THIS IS SPINAL TAP (1984) – Comedy that goes up to 11

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In my humble opinion, This Is Spinal Tap (1984) is one of the funniest movies ever made, all the more so because of the deadpan seriousness with which its minimally talented leads take themselves.

The movie is a send-up of rock-music pretentiousness as embodied in Spinal Tap, a heavy-metal group consisting of David (Michael McKean), Nigel (Christopher Guest), and Derek (Harry Shearer). The movie’s conceit is that a low-level filmmaker, Marty DiBergi (played by Rob Reiner, whose directorial debut this was), is doing a documentary about Spinal Tap’s latest American tour.

The movie was mostly improvised by Reiner and his stars, and the detail that went into their improvisations was enough to make many moviegoers believe that Spinal Tap was a genuine band. “Historical footage” shows Tap’s origins as a British skiffle band, evolving into a ’60s flower-power group before devolving into macho power-guitarists.

The mock-documentary clearly shows that the group is well on its way down, with concerts being cancelled right and left. (When a Boston gig is killed, their manager shrugs it off: “It’s not much of a college town anyway.”) The final straw is when David’s girlfriend meets up with him mid-tour and, Yoko Ono-style, tries to run roughshod over the band’s management.

Even when the movie’s isn’t laugh-out-loud funny (which it usually is), one is impressed with how realistically bad the band is. One of their hits — “Big Bottom,” a paean to female behinds — seems outrageous, until you recall that the real rock group Queen had a similar hit titled “Fat-Bottomed Girls.” It’s as though Reiner & Co. plotted out the legitimate story of a rock band and then turned it just slightly askew to milk it for huge laughs.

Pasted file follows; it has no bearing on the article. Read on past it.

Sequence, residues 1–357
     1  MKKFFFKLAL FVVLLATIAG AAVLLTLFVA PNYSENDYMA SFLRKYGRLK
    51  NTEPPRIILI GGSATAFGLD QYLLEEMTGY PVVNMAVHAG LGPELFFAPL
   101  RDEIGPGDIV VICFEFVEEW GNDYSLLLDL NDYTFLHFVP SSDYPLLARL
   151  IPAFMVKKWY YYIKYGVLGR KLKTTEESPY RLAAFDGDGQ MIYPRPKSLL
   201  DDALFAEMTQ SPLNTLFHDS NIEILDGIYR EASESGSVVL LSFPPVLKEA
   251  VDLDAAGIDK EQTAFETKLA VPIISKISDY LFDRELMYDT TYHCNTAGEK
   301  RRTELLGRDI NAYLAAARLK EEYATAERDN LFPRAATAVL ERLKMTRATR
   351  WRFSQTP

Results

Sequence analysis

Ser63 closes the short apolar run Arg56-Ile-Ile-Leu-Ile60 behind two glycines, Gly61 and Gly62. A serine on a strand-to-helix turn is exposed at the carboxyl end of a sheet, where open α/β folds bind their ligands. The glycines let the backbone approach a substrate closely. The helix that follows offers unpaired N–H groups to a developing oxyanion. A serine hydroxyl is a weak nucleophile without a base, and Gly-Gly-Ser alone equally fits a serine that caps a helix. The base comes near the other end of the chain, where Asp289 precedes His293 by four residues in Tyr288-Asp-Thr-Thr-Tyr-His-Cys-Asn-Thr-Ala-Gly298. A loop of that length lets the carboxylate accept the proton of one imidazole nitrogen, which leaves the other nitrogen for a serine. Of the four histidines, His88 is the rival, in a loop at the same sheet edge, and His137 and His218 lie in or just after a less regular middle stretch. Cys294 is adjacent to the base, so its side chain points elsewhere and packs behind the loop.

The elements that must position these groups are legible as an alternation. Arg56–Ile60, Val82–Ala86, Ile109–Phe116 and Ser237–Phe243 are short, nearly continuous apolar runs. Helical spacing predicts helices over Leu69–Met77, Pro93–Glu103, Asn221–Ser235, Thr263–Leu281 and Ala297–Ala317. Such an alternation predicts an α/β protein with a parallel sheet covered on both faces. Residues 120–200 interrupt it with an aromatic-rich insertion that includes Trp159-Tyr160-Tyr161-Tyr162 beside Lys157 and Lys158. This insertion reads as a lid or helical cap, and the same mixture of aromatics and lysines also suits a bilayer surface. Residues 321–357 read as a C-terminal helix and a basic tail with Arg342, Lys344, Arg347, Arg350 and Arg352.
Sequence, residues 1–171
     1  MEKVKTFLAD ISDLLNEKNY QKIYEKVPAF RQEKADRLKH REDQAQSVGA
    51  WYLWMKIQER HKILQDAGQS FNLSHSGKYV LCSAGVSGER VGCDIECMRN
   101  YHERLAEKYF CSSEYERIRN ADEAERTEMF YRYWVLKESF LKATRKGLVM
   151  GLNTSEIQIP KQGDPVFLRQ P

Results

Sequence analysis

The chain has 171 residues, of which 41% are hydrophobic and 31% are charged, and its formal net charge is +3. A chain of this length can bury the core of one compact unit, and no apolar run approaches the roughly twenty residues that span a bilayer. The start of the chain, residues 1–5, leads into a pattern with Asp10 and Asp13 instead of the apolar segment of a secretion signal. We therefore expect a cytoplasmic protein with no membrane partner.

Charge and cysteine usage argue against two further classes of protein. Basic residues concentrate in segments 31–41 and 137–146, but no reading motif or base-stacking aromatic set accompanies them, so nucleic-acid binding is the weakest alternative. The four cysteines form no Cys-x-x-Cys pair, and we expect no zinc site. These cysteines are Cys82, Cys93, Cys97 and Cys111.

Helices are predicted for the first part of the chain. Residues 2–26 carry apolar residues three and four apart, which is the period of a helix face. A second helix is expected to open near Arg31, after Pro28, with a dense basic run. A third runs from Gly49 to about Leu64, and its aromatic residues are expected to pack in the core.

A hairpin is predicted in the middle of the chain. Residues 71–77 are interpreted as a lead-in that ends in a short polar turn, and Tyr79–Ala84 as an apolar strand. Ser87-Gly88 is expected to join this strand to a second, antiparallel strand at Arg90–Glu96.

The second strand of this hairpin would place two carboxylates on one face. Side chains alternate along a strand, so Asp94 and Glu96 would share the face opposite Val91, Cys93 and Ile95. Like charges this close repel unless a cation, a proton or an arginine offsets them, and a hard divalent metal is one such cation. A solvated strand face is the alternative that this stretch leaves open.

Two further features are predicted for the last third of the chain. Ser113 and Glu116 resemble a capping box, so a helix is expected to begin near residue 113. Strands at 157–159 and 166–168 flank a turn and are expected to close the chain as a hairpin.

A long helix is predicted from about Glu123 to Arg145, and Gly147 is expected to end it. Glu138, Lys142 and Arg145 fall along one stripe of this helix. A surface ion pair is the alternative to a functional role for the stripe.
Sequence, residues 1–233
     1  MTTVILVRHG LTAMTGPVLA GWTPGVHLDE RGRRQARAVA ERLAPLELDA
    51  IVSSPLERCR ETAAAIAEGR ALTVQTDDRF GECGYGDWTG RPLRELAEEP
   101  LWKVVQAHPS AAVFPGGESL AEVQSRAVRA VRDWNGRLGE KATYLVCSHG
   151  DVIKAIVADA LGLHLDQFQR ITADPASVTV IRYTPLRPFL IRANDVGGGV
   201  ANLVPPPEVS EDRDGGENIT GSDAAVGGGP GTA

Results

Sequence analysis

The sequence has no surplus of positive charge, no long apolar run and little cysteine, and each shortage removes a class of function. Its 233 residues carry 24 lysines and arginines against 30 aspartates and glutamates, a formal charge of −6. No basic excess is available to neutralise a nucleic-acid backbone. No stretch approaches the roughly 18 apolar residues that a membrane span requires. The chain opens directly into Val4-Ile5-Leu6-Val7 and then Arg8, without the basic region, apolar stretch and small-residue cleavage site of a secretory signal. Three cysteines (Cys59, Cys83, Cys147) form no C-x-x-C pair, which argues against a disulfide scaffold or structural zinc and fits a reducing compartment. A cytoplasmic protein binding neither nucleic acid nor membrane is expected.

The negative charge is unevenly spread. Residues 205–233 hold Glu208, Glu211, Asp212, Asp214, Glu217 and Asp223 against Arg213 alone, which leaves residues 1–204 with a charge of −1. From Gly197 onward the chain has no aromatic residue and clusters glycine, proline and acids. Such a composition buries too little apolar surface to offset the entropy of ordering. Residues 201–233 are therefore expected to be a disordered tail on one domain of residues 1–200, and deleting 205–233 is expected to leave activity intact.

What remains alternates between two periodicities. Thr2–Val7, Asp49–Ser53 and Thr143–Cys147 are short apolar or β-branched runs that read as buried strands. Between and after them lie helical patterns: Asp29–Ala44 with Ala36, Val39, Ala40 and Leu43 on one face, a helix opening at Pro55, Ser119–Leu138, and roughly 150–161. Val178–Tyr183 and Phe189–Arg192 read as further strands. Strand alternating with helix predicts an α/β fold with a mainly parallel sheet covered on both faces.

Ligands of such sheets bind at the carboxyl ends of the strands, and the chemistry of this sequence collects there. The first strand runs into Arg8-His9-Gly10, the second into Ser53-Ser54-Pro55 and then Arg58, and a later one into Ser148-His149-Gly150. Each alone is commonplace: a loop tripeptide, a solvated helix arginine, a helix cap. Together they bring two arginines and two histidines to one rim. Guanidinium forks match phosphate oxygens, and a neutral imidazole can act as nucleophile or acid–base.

“Mock-umentary” comedies have practically become their own genre (and Tap‘s Christopher Guest has been responsible for the best of them, such as the dog-contest parody Best in Show). But This Is Spinal Tap remains the gold standard — proving, as one of its characters says, that “There’s such a fine line between brilliant…and stupid.”

(The DVD version is even more of a hoot, with the three leads offering far more commentary than is good for their images.)

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